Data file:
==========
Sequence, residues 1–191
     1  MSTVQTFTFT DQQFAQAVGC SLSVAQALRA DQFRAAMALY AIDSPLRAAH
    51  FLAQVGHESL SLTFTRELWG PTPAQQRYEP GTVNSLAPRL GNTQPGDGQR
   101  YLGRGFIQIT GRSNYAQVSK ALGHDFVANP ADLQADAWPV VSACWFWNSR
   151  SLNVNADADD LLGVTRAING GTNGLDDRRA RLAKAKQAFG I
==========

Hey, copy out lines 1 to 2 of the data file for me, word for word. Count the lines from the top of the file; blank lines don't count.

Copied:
Sequence, residues 1–191
     1  MSTVQTFTFT DQQFAQAVGC SLSVAQALRA DQFRAAMALY AIDSPLRAAH